By Stephane Mahe, Nacho Doce and Gus Trompiz
PLOUISY, France (Reuters) -Protesting farmers blocked several roads across France on Wednesday to press the government to loosen regulations and help protect them from cheap imports and rising costs.
Farmers said the protests, with long lines of tractors snarling roads and piles of hay dropped in front of a local prefecture, will continue as long as their demands are not met, posing the first major challenge for new Prime Minister Gabriel Attal.
Many farmers in the European Union’s biggest agricultural producer struggle financially and say their livelihoods are threatened as food retailers are increasing pressure to bring down prices after a period of high inflation.
“Our costs keep increasing and this is not taken into account in what we are paid,” dairy farmer Pascal Le Guern said at a road blockade in Plouisy, in Brittany in western France.
Farmers cite a government tax on tractor fuel, cheap imports, water storage issues, price pressures from retailers and red tape and environmental rules among their grievances.
Arnaud Rousseau, head of the powerful FNSEA farming union, told France 2 TV that the group would publish dozens of specific demands by the end of the day.
Fearing a spillover from farmer unrest in Germany, Poland and Romania, the French government has already postponed a draft farming law meant to help more people become farmers, saying it will beef up the measures and ease some regulations.
President Emmanuel Macron is also wary of farmers’ growing support for the far right ahead of the European Parliament elections in June.
“We won’t stop (the protests) until our demands are met,” 24-year old Pierre-Marie Henry, who works on a poultry farm, said at the same Plouisy rally. The EU elections would give farmers some leverage, he said.
“If they want to stay in power…, they need to give us some answers,” he said, taking issue with what he said was unfair competition from cheap Ukrainian poultry.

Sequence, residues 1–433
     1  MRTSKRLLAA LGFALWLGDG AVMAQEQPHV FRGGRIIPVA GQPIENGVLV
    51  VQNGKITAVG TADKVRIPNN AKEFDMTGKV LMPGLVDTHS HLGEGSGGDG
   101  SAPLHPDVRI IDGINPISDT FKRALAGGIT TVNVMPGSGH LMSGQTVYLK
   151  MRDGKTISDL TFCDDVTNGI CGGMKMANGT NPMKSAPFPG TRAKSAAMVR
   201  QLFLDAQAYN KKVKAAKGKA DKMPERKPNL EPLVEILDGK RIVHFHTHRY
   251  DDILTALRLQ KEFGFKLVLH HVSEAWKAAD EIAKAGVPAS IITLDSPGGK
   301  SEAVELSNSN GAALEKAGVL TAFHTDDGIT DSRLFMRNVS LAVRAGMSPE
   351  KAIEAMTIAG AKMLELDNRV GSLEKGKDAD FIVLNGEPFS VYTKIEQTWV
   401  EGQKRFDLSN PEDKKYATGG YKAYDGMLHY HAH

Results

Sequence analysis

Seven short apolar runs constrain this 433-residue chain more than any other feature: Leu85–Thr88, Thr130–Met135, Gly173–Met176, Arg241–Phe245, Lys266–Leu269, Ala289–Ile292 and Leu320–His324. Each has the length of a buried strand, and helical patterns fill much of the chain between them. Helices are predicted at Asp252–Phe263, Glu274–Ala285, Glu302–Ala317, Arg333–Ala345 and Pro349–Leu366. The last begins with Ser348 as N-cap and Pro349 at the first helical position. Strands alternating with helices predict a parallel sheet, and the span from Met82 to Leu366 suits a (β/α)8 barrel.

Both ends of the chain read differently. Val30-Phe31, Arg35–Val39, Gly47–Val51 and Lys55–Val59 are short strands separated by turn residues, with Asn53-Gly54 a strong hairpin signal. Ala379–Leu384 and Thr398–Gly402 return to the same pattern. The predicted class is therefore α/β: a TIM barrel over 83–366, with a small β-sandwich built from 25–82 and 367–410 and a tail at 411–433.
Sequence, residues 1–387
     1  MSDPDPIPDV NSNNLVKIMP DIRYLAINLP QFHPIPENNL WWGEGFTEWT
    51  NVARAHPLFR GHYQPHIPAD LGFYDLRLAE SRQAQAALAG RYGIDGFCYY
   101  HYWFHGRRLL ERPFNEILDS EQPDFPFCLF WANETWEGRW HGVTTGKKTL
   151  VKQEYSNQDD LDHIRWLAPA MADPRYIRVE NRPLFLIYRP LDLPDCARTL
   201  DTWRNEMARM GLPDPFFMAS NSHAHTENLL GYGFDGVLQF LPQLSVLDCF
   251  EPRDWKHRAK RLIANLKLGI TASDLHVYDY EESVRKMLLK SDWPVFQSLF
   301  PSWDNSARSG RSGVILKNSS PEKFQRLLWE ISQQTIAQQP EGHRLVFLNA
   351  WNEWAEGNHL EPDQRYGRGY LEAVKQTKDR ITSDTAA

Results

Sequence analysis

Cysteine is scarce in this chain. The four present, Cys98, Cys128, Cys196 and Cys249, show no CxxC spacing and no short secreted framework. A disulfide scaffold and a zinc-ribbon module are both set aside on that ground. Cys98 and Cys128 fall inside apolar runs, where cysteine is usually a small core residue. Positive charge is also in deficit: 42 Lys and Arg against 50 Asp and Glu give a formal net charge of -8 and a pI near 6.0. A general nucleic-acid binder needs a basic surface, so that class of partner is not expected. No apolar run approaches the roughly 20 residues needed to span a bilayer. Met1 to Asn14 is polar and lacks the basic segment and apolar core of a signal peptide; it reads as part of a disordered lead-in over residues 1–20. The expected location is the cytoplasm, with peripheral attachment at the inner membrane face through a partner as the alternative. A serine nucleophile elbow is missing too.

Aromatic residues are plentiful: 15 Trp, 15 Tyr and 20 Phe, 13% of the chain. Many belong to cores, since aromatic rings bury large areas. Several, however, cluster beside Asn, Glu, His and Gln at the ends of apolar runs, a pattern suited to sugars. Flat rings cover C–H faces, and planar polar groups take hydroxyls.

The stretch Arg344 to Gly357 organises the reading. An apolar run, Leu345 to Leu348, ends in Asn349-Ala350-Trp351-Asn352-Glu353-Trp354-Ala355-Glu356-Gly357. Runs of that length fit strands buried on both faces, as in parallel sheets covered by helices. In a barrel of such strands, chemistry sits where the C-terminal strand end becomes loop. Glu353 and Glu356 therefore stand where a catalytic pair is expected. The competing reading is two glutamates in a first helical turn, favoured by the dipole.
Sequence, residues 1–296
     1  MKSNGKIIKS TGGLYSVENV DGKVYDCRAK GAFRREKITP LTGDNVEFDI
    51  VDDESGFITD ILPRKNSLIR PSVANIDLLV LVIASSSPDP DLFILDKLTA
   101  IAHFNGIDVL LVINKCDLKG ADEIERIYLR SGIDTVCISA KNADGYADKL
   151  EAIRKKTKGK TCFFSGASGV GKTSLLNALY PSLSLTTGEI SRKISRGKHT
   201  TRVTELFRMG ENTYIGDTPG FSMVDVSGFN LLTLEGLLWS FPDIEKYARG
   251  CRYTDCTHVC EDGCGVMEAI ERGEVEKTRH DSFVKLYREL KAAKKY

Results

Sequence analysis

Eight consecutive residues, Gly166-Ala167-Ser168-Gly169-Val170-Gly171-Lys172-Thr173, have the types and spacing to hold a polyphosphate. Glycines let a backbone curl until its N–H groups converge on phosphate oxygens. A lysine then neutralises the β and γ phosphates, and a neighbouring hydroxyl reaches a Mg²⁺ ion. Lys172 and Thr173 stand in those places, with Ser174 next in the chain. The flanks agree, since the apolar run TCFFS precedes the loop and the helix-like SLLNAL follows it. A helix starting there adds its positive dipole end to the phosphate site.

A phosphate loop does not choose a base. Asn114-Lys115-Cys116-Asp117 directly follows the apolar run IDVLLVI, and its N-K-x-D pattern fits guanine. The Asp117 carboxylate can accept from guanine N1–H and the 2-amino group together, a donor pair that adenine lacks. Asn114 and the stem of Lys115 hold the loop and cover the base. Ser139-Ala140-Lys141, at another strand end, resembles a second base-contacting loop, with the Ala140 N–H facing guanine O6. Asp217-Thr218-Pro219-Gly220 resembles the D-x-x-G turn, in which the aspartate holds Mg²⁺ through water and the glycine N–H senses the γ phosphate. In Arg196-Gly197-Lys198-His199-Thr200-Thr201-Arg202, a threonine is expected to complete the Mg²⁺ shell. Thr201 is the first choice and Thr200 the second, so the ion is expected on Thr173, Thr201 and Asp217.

A small group of French farmers also protested near the headquarters of the European Parliament in Brussels.
“They impose more and more draconian standards on us, but on the other hand our produce isn’t protected,” said Philippe Thomas, 57, a cereals farmer from La Meuse, in eastern France.
As the EU’s Green Deal of environmental policies is rolled out, farmers’ increased work and costs need to be reflected in product prices, said Thomas Waitz, a Green EU lawmaker from Austria, who is also a farmer and beekeeper.
He urged the 27-member EU to make sure imported goods also have to meet high environmental standards to avoid unfair competition.
In France, farmer discontent over price levels is particularly acute in the dairy sector, where producers say the government’s anti-inflation push has undermined legislation known as EGALIM designed to safeguard farmgate prices.
Dairy producers are currently in dispute with Lactalis, the world’s largest dairy group, over prices, and talks with an arbitrator are due on Thursday.
“If the EGALIM law is respected there will be far fewer protests, that’s the case in the dairy sector, I can tell you,” Thierry Roquefeuil, head of dairy farmer union FNPL, told reporters on Tuesday.
(Reporting by Gus Trompiz and Sybille de La Hamaide in Paris, Kate Abnett, Johnny Cotton and Sudip Kar-Gupta in Brussels, Stephane Mahe in Plouisy, Nacho Doce in Castelnaudary; writing by Ingrid Melander; editing by Angus MacSwan and Mark Heinrich)